After a cold and snowy winter, summer is finally here. Summer is a great time to take off your shoes and kick back, lie on the beach, hang out with friends, or spend an evening on the front porch listening to the baseball game.
In the fall and winter seasons we always seem to be battling something; whether it’s those hurricanes, tornadoes, snow storms, or just bone chilling cold, we always seem to be reacting to
something that’s making life challenging. Either that, or we are running around getting prepared for Thanksgiving, Christmas, Hanukkah, New Year’s, or Presidents Day.
Well, I take that last one back. We don’t put too much effort into Presidents’ Day, except if you want to buy a car.
After the strain and the many commitments of winter, summer is the time to get away; mentally and physically. It is a time of bare feet and bathing suits. It is a time for your world to become more laid back and easy going; a time of barbecues and vacation.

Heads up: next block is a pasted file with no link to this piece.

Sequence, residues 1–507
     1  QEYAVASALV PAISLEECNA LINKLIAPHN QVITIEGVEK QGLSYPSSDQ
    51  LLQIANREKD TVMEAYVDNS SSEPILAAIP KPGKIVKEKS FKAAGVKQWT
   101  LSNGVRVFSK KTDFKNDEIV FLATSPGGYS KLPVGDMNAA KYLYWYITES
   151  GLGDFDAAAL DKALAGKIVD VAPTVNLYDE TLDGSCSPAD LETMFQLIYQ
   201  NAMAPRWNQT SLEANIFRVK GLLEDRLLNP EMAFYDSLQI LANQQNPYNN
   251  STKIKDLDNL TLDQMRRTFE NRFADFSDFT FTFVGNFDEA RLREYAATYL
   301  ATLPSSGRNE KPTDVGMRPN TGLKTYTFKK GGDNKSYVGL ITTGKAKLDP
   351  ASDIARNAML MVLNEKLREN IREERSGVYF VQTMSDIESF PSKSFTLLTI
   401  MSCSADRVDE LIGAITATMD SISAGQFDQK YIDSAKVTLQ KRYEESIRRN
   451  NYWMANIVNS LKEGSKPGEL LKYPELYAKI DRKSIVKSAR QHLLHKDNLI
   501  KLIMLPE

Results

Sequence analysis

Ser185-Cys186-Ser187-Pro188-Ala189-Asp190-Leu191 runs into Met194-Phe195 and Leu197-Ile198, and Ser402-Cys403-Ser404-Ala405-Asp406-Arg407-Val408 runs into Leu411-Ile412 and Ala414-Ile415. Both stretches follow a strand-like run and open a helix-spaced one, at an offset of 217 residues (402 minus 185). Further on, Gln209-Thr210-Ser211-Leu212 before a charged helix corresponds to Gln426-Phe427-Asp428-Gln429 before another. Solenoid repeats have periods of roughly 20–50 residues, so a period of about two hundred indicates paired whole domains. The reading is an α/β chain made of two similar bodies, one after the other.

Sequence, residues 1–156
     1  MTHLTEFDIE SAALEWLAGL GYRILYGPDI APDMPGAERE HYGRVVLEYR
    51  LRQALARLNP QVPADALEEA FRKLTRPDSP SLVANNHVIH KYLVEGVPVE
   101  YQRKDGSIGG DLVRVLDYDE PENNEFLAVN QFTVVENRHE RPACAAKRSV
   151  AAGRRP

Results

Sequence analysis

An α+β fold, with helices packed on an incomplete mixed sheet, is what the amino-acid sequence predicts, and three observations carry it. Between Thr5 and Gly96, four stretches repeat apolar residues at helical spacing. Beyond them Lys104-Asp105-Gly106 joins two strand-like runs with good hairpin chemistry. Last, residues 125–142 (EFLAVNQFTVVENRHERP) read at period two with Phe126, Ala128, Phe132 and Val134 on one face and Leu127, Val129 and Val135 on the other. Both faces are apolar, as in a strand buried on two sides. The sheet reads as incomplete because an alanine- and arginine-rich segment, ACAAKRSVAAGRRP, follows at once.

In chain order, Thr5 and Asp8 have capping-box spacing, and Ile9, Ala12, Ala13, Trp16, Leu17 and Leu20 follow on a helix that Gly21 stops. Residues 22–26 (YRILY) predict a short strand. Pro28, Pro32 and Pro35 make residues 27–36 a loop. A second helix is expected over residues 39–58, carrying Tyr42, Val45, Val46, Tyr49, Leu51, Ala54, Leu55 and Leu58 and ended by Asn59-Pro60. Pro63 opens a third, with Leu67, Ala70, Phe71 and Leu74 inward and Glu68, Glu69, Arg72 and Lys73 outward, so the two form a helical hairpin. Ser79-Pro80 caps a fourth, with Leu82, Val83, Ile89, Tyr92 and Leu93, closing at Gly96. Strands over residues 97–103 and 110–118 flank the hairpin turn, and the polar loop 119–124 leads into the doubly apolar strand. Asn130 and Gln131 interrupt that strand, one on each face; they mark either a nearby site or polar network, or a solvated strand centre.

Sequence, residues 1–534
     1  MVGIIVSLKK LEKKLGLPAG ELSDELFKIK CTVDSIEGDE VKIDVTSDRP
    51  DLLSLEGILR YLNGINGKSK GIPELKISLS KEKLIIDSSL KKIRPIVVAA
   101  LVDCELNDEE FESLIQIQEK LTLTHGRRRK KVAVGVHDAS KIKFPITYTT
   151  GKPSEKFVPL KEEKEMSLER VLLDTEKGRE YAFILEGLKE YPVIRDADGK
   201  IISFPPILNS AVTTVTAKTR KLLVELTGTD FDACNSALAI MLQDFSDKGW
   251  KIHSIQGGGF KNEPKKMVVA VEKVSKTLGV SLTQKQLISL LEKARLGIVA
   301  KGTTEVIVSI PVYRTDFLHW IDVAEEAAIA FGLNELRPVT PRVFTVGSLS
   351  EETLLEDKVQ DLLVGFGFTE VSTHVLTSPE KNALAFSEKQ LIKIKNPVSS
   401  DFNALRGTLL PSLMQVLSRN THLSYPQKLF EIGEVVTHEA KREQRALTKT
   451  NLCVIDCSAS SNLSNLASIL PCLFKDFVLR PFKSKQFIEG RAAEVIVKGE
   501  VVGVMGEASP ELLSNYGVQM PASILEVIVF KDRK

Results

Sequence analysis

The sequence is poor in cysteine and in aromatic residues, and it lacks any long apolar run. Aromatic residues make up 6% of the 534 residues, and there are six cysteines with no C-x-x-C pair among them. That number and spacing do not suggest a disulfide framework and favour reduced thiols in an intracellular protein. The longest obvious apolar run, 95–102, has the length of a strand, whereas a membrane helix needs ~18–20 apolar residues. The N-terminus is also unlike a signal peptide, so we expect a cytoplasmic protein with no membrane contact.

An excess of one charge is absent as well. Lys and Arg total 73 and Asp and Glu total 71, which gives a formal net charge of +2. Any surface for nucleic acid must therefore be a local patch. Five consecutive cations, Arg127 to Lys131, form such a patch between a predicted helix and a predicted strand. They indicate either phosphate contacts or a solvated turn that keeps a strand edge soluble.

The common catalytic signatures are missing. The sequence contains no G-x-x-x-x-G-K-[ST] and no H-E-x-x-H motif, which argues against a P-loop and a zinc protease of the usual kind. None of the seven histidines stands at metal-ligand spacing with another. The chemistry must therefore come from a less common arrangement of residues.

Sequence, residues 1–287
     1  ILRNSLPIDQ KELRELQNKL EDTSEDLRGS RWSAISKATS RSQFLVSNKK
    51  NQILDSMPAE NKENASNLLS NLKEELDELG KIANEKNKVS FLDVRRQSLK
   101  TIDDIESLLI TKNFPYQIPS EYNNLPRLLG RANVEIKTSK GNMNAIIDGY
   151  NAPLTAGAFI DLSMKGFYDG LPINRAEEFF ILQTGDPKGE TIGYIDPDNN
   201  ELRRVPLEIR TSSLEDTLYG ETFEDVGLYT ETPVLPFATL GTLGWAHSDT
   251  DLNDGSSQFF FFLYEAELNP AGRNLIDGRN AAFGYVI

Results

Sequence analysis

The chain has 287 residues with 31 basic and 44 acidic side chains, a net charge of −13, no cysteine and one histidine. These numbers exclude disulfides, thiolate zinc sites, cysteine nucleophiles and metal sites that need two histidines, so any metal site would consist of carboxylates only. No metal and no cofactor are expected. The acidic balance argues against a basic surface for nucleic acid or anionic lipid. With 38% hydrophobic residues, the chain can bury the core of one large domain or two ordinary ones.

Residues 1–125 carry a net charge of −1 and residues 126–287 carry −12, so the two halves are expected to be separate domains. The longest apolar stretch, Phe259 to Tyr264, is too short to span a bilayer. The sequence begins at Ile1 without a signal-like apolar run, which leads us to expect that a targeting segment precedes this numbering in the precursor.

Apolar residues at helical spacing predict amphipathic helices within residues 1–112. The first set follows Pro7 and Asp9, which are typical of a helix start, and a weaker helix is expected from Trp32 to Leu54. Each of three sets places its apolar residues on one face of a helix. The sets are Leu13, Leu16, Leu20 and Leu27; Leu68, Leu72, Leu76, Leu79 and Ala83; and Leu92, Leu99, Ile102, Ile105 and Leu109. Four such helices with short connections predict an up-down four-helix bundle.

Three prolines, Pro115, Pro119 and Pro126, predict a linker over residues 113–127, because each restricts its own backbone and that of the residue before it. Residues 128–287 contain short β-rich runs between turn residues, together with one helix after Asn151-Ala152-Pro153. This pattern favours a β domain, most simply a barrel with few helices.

I wish summer was more of a vacation for me. For me, summer is simply a time when there are more options and the weather is warmer. I know we’re supposed to be more relaxed and fun, but I never really got that. Although I can do it at times, it’s hard for me to relax and have fun.
There is this tension in my body: brain injury tension.
Maybe it’s just me, but I tend to get wound up, don’t do well in the heat, and don’t sleep well in the summer. I can’t remember being like that before I had my TBI. While my summers used to be carefree, my summers now usually feel a little bit too much like a headlong rush, and I feel like I’m just trying to get by until the days get a little cooler. Then I’ll be less busy. It only feels as though I start to relax towards the end of August when I know the end is near.
The reality is, I’m doing better now, but it’s only been in the last few years that I’ve been able to take more control of my summer and enjoy it more. I still dream of one thing though: